4. Expanded possibilities of what it means to be human

A lot of people try to figure out what’s similar about humans all across the planet. Frankly, that bores me. I think it’s so much more interesting that we are all so different from one another, and that there are so many ways of relating to our lives.

When I spend time in Asian countries, I realize how much my own U.S. culture is driven by time and money, usually at the expense of relationships. The first time I traveled to Bali, in 1995, I was amazed at how little separation there seemed to be between work, family, worship, and play. Balinese women spent most of the daylight hours working in the rice paddies, but with their children right alongside them, laughing and playing. Small Hindu shrines were scattered everywhere – in the fields, on the corner of nearly every street – and decorated with offerings of flowers, fruits, and incense.

Witnessing this way of life planted a desire in me to have my own life feel more seamless rather than the compartmentalization that is so common in Western cultures.

I love these lines from a poem by John O’Donohue, which capture what I’m wanting to say quite beautifully:

A journey can become a sacred thing:
Make sure, before you go,
To take the time
To bless your going forth,
To free your heart of ballast
So that the compass of your soul
Might direct you toward
The territories of spirit
Where you will discover
More of your hidden life,
And the urgencies
That deserve to claim you.

How about you? What have been some of your most memorable adventures? What gifts have you gotten from travel and how have you brought those insights back into your life at home?

P.S. Recently I’ve come across some wonderful web resources if you have a dream of international travel as part of your liberated life. See:

• “How to Organize an International Travel Adventure” by Tyler Tervooren

• “How to Plan a Trip” by Aysha Griffin

• Chris Guillebeau, author of The Art of Non-Conformity, offers a good product to help travelers make the most of their dollar: Frequent Flyer Master (affiliate link)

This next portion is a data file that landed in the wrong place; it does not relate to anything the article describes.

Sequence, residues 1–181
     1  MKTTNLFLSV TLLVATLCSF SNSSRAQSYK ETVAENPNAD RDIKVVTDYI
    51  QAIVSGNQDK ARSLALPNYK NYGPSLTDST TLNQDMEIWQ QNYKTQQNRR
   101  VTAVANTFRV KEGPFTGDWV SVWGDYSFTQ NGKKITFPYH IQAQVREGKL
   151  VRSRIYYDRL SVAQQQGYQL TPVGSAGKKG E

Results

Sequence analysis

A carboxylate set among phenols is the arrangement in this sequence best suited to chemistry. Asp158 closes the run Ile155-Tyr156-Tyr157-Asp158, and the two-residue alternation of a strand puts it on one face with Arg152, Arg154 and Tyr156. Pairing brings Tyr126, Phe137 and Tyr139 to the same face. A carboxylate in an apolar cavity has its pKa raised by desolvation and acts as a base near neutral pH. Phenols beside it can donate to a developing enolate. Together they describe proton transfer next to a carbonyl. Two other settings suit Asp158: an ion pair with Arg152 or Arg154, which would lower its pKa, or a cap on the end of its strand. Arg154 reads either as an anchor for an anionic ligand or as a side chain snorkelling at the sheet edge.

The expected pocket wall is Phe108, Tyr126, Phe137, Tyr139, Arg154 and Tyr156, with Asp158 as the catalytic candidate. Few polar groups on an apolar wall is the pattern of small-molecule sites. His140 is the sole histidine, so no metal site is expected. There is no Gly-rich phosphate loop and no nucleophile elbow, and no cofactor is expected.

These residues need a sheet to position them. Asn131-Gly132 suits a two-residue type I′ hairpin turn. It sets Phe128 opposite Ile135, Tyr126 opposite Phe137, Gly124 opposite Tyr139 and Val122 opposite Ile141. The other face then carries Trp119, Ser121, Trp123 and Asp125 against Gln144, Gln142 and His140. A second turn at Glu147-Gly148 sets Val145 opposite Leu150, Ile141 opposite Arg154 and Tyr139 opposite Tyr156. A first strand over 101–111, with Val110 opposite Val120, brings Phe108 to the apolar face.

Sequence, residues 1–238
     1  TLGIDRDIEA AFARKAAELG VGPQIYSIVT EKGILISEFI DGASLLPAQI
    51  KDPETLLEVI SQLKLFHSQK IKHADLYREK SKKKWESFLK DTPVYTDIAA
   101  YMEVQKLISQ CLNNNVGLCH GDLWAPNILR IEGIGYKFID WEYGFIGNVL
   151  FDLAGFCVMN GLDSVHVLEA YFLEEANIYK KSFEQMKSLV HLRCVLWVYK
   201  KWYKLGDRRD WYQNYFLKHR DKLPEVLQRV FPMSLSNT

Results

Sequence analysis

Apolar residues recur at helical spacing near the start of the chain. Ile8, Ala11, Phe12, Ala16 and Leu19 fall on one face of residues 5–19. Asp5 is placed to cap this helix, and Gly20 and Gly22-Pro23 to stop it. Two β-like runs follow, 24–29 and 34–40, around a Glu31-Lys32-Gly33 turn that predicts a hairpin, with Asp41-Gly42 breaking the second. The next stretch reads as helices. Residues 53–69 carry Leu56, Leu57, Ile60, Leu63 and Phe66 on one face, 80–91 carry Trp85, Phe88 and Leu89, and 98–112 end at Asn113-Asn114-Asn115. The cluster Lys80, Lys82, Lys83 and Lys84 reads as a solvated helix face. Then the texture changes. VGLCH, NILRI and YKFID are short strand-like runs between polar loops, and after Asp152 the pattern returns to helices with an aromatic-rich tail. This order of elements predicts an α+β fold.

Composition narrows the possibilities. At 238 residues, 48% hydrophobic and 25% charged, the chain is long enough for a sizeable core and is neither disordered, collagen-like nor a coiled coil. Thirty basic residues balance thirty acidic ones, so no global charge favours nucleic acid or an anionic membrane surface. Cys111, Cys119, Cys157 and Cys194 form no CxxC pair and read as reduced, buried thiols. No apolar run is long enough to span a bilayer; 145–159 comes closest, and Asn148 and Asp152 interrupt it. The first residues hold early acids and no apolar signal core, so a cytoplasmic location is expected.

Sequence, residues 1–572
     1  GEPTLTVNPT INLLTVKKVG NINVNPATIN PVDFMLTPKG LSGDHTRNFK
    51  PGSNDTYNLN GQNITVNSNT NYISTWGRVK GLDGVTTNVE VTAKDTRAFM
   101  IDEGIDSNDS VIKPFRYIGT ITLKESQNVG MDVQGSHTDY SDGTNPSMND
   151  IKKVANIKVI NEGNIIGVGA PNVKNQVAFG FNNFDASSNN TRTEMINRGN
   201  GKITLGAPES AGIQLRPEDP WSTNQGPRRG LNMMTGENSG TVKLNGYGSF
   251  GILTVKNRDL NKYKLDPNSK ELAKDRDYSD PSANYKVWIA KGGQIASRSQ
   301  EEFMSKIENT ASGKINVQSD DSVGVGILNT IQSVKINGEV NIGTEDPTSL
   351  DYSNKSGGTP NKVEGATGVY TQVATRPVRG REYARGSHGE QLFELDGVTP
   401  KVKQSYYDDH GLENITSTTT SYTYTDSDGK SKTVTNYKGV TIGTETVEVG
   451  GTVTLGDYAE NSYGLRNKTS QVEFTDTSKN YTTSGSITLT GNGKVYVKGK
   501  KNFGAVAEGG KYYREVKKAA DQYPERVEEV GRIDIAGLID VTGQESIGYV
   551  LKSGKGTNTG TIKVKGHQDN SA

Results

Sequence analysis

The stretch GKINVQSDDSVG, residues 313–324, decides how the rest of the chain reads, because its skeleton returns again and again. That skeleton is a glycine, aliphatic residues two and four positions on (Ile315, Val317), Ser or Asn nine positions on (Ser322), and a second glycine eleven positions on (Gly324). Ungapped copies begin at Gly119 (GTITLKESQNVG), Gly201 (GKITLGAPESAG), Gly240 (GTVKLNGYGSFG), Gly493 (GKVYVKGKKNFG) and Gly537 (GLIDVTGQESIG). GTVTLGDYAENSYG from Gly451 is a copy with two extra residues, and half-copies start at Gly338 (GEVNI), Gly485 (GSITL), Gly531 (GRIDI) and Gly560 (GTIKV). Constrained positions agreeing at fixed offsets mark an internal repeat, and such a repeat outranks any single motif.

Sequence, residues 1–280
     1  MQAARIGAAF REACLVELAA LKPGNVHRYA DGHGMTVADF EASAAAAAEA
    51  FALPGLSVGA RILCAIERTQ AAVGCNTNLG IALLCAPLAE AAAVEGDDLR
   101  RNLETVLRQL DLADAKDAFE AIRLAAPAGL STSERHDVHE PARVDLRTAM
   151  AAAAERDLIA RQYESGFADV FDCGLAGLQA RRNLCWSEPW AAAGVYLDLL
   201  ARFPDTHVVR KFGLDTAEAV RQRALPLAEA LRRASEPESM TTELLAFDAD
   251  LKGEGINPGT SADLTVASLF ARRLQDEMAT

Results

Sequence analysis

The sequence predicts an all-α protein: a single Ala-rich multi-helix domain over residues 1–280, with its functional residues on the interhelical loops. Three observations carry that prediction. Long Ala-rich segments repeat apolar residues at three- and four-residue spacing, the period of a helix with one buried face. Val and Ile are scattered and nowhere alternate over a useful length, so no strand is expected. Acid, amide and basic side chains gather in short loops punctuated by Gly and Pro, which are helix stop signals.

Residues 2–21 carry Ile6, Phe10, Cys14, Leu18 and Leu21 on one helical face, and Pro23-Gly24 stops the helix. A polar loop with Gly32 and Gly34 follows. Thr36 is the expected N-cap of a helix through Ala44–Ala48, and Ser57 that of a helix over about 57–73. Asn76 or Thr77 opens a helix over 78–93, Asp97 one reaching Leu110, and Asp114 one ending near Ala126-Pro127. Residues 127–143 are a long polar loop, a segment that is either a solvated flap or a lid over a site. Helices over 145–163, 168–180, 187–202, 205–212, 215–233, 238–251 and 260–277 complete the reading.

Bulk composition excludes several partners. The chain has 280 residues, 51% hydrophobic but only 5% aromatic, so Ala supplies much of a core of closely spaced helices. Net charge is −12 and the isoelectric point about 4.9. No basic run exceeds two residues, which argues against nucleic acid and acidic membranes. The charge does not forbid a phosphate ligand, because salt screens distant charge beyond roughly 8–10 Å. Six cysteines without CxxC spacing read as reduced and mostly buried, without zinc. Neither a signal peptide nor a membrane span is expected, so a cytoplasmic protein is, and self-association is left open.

I’d love to stay in touch with you! When you sign up for my mailing list, you’ll receive my monthly newsletter with reflections on life and liberation, as well as my e-book, “9 Keys to a Liberated Life.”



  1. Beautiful post, Maia. It reminds me of all the special, subtle things I loved about independent travel in Asia. And amazingly, most of those subtle experiences continued throughout nine years of living there.

    The sharpened awareness while being moved about on various modes of transport. Discerning small differences in unfamiliar characters on street signs. Noticing landmarks with unaccustomed clarity.

    The trust and stepping into the flow of life in a different world, letting go of the illusion of control, and allowing a game whose rules you don’t yet know to play through you.

    Connecting with people and receiving their kindness.

    And YES, I so agree with you: my experience of our sameness was trivial compared to my vast and always growing appreciation for our differences. Culture is a powerful force in our lives. We share a planet but live in completely different worlds. I find it incredibly challenging, as well as liberating, to recognize that my “reality” is just one among many. I think this may be the greatest gift of extended travel in unfamiliar cultures.

    Thanks for writing. And happy travels!

    Leslie Rinchen-Wongmo

    January 25, 2011

    • Leslie, thanks for sharing your experiences. I just came across a wonderful quote which sums up what I’m feeling right now:
      “Culture shock, like love, is a temporary madness. The most wonderful and most depressing feeling in the world. An experience to make life more complete.”
      ~Robert Cooper

      Maia Duerr

      February 7, 2011

  2. Love your post from Thailand! I would so love to be there…visiting the buddhist temple at night by moonlight – with frogs and geckos singing…what could be better? are you slowed down? sounds like it!

    • June — yes, I am definitely slowed down from the American pace of life, and loving it!

      Maia Duerr

      February 7, 2011